Friday, February 24, 2023

Poetry Sisters Write Ekphrastic Poems

One thing we can count on as we make our annual poetry plans is that ekphrastic poems will be in the mix. We usually share photos with one another and often will write to a photo that is not our own. Since our theme for the year is transformation, I posted photos related to an exhibit at the Montclair Art Museum entitled Transformed: Objects Reimagined by American Artists. I've seen this exhibit twice now and am endlessly fascinated by it. Here is the plaque that describes it.

I love that it was inspired by this note Jasper Johns wrote in his sketchbook in 1964.
Take an object
Do something to it 
Do something else to it

The inspiration for my poem is a piece from this exhibit entitled Conversation, created by Marie Watt, a contemporary artist enrolled in the Seneca Nation of Indians. This work is made from reclaimed wool blankets, satin binding, and thread.

There is so much I love about this piece, but the mathematics of the shape has captured my attention. Here's my poem.

Möbius Magic
  impossible shape
  two sides, two edges -- transformed
  this infinite curl
  one surface, no boundaries
  where math and art collide

Poem ©Tricia Stohr-Hunt, 2023. All rights reserved.

You can read the pieces written by my Poetry Sisters at the links below. 

    Would you like to try the next challenge? Next month the form we are tackling is the etheree. This is a ten-line form that begins with a one-syllable word and grows by one syllable each line until you arrive at line ten (which has ten syllables). You can learn more about this form at Poetry Magnum Opus. We are still working on the theme of transformation. We hope you'll join us. Are you in? Good! You’ve got a month to craft your creation(s), then share your offering with the rest of us on March 31st in a post and/or on social media with the tag #PoetryPals. We look forward to reading your poems!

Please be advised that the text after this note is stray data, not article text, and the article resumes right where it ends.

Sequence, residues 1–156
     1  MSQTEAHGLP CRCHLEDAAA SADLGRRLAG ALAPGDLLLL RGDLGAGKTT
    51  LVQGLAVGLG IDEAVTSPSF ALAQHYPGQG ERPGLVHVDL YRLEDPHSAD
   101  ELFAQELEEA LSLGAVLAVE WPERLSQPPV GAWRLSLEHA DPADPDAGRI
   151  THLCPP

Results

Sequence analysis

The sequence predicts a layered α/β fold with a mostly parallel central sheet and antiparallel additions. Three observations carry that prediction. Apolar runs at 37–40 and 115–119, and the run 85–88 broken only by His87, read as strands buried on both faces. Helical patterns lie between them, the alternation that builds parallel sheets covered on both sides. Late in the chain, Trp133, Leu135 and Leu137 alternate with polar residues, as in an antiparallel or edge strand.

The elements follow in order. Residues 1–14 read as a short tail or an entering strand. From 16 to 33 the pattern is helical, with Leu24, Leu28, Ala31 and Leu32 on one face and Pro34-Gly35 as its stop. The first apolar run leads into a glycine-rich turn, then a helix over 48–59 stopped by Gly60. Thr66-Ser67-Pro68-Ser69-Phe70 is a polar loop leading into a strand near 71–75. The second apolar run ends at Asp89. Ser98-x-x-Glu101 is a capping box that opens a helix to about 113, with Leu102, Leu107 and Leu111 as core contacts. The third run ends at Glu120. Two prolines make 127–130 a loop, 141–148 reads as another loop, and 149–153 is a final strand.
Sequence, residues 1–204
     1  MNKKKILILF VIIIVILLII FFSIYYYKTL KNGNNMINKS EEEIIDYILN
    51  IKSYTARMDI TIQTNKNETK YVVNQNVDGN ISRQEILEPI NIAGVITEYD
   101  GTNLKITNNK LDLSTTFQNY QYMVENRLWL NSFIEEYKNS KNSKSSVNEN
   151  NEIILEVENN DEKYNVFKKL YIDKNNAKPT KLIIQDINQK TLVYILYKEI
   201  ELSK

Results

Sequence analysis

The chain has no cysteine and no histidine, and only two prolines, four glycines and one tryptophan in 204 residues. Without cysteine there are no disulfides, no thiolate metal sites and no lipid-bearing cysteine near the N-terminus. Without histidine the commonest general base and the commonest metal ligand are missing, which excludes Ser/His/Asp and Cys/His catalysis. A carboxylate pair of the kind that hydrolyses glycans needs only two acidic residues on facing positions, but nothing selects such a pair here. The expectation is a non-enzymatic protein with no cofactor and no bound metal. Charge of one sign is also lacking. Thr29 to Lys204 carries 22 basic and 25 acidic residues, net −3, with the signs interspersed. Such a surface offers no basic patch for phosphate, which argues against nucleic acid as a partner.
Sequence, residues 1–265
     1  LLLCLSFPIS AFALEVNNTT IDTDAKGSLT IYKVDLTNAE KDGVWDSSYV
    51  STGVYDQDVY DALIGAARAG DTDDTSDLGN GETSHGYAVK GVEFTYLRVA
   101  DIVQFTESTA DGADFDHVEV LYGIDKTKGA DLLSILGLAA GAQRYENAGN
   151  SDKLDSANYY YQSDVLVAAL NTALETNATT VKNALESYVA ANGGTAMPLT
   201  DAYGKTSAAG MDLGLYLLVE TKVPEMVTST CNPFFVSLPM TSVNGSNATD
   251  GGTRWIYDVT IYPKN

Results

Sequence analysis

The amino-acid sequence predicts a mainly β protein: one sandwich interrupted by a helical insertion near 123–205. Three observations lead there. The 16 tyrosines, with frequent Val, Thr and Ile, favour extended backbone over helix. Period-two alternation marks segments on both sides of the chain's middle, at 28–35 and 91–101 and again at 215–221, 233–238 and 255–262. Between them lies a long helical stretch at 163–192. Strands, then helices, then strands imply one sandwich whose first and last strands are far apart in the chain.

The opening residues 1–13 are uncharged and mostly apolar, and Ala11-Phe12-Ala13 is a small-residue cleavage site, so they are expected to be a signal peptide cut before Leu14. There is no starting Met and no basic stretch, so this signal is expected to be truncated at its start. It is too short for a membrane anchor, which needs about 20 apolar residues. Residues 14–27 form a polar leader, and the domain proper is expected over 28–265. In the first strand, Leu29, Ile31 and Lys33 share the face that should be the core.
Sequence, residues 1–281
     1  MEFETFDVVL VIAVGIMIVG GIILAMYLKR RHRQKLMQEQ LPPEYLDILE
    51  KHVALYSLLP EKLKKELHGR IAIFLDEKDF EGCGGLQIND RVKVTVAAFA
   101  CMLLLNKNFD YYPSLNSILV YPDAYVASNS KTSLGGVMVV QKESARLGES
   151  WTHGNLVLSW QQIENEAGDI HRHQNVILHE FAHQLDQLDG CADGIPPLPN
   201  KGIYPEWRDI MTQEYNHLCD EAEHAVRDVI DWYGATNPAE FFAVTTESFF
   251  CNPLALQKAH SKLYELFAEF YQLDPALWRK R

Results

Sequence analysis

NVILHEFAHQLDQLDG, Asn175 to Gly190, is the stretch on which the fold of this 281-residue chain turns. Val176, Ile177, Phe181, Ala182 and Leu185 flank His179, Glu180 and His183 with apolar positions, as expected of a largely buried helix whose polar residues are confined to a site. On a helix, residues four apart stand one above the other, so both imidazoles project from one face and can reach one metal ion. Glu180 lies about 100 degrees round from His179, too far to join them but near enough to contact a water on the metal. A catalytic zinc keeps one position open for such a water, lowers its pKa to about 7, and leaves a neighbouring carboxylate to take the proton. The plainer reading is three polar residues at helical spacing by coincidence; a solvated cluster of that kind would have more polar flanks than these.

I hope you'll take some time to check out all the wonderful poetic things being shared and collected today by Tabatha Yeatts at The Opposite of Indifference. Happy poetry Friday, friends!


    1. Quilting, as I am learning, is DEFINITELY "where math and art collide." What a gorgeous piece of fiber art. History and culture are circling there, along with the past and present.

    2. Where math and art collide!! Gosh this is gorgeous and fits with the image so perfectly. (Also, I loved that Jasper Johns quote, too. I saw his retrospective at the Whitney last year and haven't stopped thinking of his bottomless -- relentless, almost -- making.)

    3. Before reading your poem, Tricia, I saw the quilt as a collection of book spines. :-) Of course, I love your take on this "impossible shape," "where math and art collide"!

    4. Oh, that collision and curl. The brevity of this poem makes it even more powerful. Like Marti, I saw book spines :>)

    5. I like that Jasper Johns quote, too. "Conversation" is such a great name for Marie Watts' quilt. No boundaries between the historical fabrics, the artist, you and your vision, and us.

    6. I can see the influence of Jasper Johns in this piece, even as the artist makes it her own. "one surface no boundaries" YES

    7. Despite this not being books, I still want to see them that way - an endless curl of books, where art and math collide... Definitely the quote makes the whole project -- do something, then do something else, and then you have... art. I love it.

    8. Tricia, Jasper Johns quote links art with the theme of transformation and to your poem. "where math and art collide"-fabulous ending!

    9. Wonderful! The math and the art really do collide. Beautiful.

    10. Tricia, I love the collision, and I, too, am fascinated by this artwork. Your poem is fun and a lovely honoring of this complex beauty.

    11. It's always an inspiration to experience what artists do, however the transformation or the creative us of materials. This is spectacular, Tricia, and the math connection, "no boundaries" - intriguing. I'm glad you shared!

    12. What a perfect image for a "conversation" - where open minds and hearts might continue to mine the depth and breadth of thought.

    13. You made me look more closely and deeply at the image and wow — yes to "where math and art collide."